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The direct and spillover effects of a nationwide socio-emotional learning program for disruptive students: JUNAEB and Ministry of Education data

posted on 15.04.2022, 10:53 by Nicolas Navarrete HernandezNicolas Navarrete Hernandez, Clément de Chaisemartin


JUNAEB administrative data and data collected by the authors with JUNAEB permission: Data produced by Junta Nacional de Auxilio Escolar y Becas (JUNAEB) contains the six first-grade scores from the Teacher Observation of Classroom Adaptation (TOCA, see (Kellam et al., 1977), and (Werthamer-Larsson et al., 1990)), that determine students' eligibility to Skills for Life (SFL), as well as the teachers' ratings of students' disruptiveness and academic ability in the TOCA questionnaire. JUANEB data also contains the pediatric symptom checklist (PSC, see (Jellinek et al., 1988)), which is filled by students' parents. This dataset also contains JUNAEB's data on treatment implementation. 

This data is also paired with data collected by the authors in March 2015, before the treatment started in the treatment group classes, and endline data collected in August 2015, after the treatment ended in the treatment group classes and before it started in the control group classes. In both at baseline and endline, two enumerators visited each of the 172 classes included in the experiment during a half day. 

Below, it is described the baseline and endline data collected by enumerators during their visits. The enumerators first administered a non-cognitive questionnaire to the students. That questionnaire aimed at measuring:

· Students' happiness in school, using a question from the student SIMCE questionnaire.

· Students' self-control, using items of the child self-control psychometric scale (see (see (Rorhbeck et al., 1991)) that we translated into Spanish.

· Students' self-esteem, using items of the self-perception for children psychometric scale (see (Harter, 1985)) translated and validated into Spanish (see (Molina et al., 2011)).

Second, the enumerators administered a Spanish and mathematics test to the students. Third, the enumerators interviewed individually each student and asked her to name up to three students that she likes to play with during breaks. Fourth, the enumerators observed a one-hour lecture. During that one-hour lecture, the enumerators also recorded the decibel levels in the class using a smartphone app, and wrote down the time at which the lecture was supposed to start and the time when it effectively started. Fifth, the enumerators filled a short questionnaire aimed at assessing the overall disruptiveness in the class, using questions taken from the PISA (Program for International Student Assessment) questionnaire, asking them their agreement with statements such as: ``There is noise and disorder in this class,'' or ``The teacher has to wait for a long time before students calm down and he/she can start teaching''.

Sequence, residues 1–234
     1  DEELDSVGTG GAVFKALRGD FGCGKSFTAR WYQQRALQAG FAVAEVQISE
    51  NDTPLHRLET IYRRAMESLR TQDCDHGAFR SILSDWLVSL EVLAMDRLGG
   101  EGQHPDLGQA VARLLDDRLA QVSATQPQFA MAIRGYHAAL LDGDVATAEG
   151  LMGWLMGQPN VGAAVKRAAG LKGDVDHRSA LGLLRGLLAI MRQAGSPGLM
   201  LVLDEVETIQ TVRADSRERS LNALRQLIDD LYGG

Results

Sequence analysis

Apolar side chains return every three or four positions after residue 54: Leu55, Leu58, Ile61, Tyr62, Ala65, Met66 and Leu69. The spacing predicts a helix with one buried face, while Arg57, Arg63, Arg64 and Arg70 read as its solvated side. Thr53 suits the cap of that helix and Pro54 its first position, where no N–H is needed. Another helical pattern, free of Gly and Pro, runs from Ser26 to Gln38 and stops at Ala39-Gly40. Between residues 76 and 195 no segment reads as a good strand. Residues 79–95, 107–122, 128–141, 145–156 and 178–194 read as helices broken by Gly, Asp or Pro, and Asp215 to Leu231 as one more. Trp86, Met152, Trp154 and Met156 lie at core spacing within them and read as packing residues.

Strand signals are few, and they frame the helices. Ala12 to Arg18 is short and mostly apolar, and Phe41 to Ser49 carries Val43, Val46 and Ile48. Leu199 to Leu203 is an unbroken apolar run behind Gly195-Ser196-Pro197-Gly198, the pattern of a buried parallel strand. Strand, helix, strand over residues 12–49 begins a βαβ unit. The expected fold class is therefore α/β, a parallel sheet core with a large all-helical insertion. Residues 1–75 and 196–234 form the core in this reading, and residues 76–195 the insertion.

The enumerators also administered a questionnaire to the teachers. That questionnaire aimed at collecting: teachers' socio-demographic characteristics; teachers' ratings of the overall disruptiveness of the class, using similar questions as those asked to enumerators; teachers' rating of the prevalence of bullying in the class; teachers' motivation, taste for their job, and mental health levels. The questionnaire was for the most part composed of questions from the SIMCE teacher questionnaire. Teachers also rated the overall disruptiveness of each of their student by answering the summary question from the TOCA questionnaire.


Ministry of education data:

The administrative data from the Ministry of Education contains the following outcomes: whether the student was promoted to the next grade; student's attendance and dropout; student's Spanish score in the 2nd and 4th grade Chilean national tests; student's math score in the 4th grade Chilean national test. 

To obtain access to this data you need to obtain permission from JUNAEB and the Ministry of Education. Then you can submit the letters to: 


The authors gratefully acknowledge financial support from the Centre for Competitive Advantage in the Global Economy at Warwick University, and from the Economics department at Warwick University.